By Gary Palmer; PitchVision Academy Batting Coach.
If you don't bat with good technique and mental strength you are wasting your talent.
Great natural ability counts for little if you have technical flaws. Your desire to be a cricketing success is wasted energy if you have the wrong attitude.
For me, that is exactly the problem England's batsmen have at the moment and it's exactly why the Australians excel. Want proof? There are twice as many Australian batsmen in the world top 30 than English ones.
The Australian top order batters get big scores because they are disciplined, focused and, above all, don’t give their wickets away lightly. Bowlers have to work hard to dismiss them as they don’t often get themselves out. They know it's what goes on in your head that sets the good players apart from the average players.
In short, Australian batters value their wicket more than English batters.
I have coached alongside the great West Indian batsman Alvin Kallicharran. His mindset for batting in a Test match would be: Get to 20 and then bat to the end of the day. Alvin valued his wicket and bowlers would have to work hard to get him out.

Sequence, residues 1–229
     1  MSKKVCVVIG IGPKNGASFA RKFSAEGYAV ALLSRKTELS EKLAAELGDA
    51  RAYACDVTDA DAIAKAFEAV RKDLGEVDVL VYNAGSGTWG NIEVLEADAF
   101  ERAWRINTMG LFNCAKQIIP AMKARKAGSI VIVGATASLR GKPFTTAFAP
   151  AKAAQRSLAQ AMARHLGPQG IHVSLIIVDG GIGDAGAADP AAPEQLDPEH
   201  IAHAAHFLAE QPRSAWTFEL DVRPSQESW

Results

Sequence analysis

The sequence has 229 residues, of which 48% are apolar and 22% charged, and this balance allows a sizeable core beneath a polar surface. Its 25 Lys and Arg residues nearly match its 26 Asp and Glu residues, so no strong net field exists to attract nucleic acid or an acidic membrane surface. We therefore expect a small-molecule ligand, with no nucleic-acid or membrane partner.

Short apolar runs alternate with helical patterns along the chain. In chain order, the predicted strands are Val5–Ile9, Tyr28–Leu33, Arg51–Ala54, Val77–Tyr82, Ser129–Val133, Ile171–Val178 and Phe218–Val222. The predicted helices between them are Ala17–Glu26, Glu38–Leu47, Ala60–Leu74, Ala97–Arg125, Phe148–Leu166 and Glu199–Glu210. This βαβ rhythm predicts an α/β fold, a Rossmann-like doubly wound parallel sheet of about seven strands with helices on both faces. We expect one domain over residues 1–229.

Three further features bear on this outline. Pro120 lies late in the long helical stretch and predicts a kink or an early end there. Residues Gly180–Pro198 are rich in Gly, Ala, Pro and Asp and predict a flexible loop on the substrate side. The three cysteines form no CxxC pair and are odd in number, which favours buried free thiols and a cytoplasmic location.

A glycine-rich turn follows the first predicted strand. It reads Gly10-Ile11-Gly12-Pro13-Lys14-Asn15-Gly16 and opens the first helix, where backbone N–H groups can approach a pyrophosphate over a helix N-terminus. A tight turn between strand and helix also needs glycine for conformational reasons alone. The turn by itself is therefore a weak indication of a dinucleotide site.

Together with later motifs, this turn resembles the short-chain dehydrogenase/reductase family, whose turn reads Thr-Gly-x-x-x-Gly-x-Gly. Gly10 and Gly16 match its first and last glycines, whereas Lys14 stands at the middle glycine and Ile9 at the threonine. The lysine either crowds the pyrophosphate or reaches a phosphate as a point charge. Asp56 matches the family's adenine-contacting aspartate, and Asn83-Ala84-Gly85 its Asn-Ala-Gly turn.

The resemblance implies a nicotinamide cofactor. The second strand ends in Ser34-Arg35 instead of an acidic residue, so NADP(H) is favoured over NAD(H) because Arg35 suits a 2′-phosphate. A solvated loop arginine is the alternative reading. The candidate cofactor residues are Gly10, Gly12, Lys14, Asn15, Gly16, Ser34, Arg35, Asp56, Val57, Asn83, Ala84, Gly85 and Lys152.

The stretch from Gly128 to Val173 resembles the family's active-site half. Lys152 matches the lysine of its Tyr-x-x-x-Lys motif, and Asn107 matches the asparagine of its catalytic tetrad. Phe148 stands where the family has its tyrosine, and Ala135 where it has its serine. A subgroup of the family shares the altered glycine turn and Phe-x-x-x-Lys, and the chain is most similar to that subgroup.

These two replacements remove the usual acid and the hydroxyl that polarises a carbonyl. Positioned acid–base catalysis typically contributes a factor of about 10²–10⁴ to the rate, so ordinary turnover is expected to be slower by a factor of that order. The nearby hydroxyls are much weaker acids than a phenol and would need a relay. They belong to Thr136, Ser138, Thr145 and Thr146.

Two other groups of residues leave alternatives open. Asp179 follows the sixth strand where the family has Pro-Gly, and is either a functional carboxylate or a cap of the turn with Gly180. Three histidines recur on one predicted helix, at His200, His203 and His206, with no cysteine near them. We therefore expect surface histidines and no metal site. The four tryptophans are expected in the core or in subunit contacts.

'Kally' says the high the class of bowler you face the more important to have a good technique to combat that bowler.
Alvin had the ability to score big hundreds on a regular basis because he was extremely mentally tough. No matter how much flair you have as a batsman you must still have the discipline to adapt to the match situation.
Alvin also had a very good technique.
To bat successfully you have to be mentally tough but without a good basic technique you will find it difficult to sustain performance and place in the team.
The Australian's technique is about getting the job done rather than flair and how many different shots they can produce in an innings.
Players like Ponting and Clarke play technically sound shots in the 'v' from both front foot and back foot, even under pressure.
Like them, you must be able to play straight well with a good technique to bat long periods of time. This is the key to getting big scores.